Where would I find my wheel lock key?

If you’ve never used your wheel lock key, it’s likely to be hanging out where the manufacturer initially stored it.

Try checking the following common places:

  • In the glove compartment

  • Under the spare tire, possibly in a separate compartment

  • In the trunk, possibly under the carpet or in one of the separate compartments

  • Under the driver’s seat

If you have used your lock key since purchasing your vehicle, try checking in the usual places, such as cup holders, door compartments, center armrests, seat-back pockets, etc. 

What to do if you lose your wheel lock key?

Still can’t find your wheel lock key?

You may need to order a new one from the dealer or manufacturer. To do this, you will need the code corresponding to your particular key. 

Generally, you can expect to pay between $20 and $120 per set.

If your wheel locks came with the vehicle, you could usually find the key code in the owner’s manual. You may also be able to bring your car to the dealer and have them remove the locks with a master key set.

If you purchased your wheel locks separately, you should be able to find the key code in the box or bag your set came in.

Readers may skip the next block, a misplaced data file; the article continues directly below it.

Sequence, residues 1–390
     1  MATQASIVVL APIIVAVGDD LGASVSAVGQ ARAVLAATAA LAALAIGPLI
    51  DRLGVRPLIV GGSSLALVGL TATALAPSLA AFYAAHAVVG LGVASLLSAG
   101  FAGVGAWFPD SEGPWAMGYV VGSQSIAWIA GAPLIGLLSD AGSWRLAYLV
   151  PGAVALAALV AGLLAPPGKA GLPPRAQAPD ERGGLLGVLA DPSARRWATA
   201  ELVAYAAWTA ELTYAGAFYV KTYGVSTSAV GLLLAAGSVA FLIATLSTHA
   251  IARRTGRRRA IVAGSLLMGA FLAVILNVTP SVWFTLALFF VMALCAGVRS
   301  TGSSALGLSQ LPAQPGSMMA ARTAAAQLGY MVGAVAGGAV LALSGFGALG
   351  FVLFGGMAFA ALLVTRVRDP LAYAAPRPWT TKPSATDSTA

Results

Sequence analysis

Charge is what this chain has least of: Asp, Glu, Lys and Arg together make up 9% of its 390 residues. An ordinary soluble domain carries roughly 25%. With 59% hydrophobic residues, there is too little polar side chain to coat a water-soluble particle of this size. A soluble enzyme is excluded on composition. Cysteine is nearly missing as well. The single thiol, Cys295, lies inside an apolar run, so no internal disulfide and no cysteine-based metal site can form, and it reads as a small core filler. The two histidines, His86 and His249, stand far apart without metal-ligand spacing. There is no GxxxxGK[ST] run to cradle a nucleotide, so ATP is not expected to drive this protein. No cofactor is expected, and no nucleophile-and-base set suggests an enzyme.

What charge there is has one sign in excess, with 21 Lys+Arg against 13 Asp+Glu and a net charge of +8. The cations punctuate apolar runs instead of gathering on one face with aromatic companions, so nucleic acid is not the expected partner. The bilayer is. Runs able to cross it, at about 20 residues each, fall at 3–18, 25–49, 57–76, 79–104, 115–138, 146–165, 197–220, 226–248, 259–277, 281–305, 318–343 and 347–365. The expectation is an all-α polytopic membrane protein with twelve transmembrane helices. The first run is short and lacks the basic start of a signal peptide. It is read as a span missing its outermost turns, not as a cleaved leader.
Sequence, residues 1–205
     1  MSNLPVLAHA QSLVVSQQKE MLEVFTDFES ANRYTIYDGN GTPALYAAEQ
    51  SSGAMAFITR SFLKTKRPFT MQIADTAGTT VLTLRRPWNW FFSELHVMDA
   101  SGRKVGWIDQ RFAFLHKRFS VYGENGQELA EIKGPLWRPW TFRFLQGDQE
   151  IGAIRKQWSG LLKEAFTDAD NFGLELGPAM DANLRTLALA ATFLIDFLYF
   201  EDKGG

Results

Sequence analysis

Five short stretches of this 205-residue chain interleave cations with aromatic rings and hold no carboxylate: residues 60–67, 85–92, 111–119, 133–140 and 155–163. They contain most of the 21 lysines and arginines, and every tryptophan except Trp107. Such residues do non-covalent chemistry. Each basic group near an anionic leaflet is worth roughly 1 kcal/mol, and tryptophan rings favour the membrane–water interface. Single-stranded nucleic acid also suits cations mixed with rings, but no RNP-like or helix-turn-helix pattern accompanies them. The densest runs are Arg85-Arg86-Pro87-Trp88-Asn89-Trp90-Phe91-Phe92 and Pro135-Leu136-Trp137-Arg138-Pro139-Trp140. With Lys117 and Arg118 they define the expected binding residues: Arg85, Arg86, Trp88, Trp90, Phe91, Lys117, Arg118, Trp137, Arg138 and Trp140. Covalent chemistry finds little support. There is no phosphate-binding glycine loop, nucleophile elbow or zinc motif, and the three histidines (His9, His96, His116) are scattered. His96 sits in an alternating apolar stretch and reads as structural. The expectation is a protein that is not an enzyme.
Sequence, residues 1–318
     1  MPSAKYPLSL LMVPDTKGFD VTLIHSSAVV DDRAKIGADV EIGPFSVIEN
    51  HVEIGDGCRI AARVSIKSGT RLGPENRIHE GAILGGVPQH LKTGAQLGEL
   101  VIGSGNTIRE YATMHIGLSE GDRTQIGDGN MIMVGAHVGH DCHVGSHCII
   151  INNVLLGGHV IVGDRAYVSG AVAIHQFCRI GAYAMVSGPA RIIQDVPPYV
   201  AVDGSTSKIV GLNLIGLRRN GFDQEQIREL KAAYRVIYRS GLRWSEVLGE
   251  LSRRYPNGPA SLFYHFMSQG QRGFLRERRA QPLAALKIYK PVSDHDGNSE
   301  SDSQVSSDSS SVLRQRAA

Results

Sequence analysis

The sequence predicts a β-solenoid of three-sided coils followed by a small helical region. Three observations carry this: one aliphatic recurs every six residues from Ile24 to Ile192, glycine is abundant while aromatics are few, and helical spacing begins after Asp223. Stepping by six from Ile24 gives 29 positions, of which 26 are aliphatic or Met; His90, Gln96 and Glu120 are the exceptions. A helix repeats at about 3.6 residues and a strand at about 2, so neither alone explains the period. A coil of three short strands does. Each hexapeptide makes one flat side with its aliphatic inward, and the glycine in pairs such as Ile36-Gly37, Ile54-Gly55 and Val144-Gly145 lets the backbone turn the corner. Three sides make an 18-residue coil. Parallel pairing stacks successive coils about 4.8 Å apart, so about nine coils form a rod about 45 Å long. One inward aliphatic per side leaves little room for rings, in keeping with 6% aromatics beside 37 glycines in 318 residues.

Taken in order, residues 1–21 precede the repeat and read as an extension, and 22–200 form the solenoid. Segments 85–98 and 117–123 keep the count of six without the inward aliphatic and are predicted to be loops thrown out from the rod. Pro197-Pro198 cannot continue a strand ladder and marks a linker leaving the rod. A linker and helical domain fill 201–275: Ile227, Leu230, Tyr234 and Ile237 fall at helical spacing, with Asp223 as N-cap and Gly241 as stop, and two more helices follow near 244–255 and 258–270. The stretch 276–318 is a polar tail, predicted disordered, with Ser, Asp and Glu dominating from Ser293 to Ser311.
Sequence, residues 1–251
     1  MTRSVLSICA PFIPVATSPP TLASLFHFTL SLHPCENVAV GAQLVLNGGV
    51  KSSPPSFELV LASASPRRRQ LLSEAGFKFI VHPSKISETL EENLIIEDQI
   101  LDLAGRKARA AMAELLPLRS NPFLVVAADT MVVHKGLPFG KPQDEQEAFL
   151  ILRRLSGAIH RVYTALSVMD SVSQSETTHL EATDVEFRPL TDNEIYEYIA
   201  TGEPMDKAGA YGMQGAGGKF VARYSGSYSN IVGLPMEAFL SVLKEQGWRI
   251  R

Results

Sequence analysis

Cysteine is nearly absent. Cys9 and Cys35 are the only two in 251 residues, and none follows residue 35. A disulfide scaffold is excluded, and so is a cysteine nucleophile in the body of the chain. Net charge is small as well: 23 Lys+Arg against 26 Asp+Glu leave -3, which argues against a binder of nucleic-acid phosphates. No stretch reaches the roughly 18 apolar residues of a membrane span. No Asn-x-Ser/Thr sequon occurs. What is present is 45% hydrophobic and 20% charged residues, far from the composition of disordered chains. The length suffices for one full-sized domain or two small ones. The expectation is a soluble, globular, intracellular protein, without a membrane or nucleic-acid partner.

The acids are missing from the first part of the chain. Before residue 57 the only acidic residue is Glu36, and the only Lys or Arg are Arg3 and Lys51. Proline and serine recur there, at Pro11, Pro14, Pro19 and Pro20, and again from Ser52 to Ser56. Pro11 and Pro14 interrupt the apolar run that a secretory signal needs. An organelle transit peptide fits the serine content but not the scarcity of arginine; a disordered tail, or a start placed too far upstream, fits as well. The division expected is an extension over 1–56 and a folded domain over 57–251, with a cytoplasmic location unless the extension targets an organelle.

If you know your wheel lock's brand, make, or model, you’ll likely be able to find and order a replacement key online. Otherwise, you may need to have your wheel lock removed by a trusted mechanic. 

Just be sure to call ahead to see if they can help!

Questions about brake service?

We're here to help. 

NuBrakes offers quality, affordable brake repair, completed at your home or office by our ASE-certified technicians.

  • Fast, over-the-phone quote
  • Free inspection included with repairs
  • Premium brake parts from trusted brands
  • Backed by Nubrakes’ 2-year/24,000-mile warranty
  • We come to you 7 days a week

Get a free, no-obligation quote on mobile brake repair near you>>


Brake problems? Schedule a free brake repair estimate now.

More Brake Posts

Schedule A Brake Repair Or Get a Quote Now.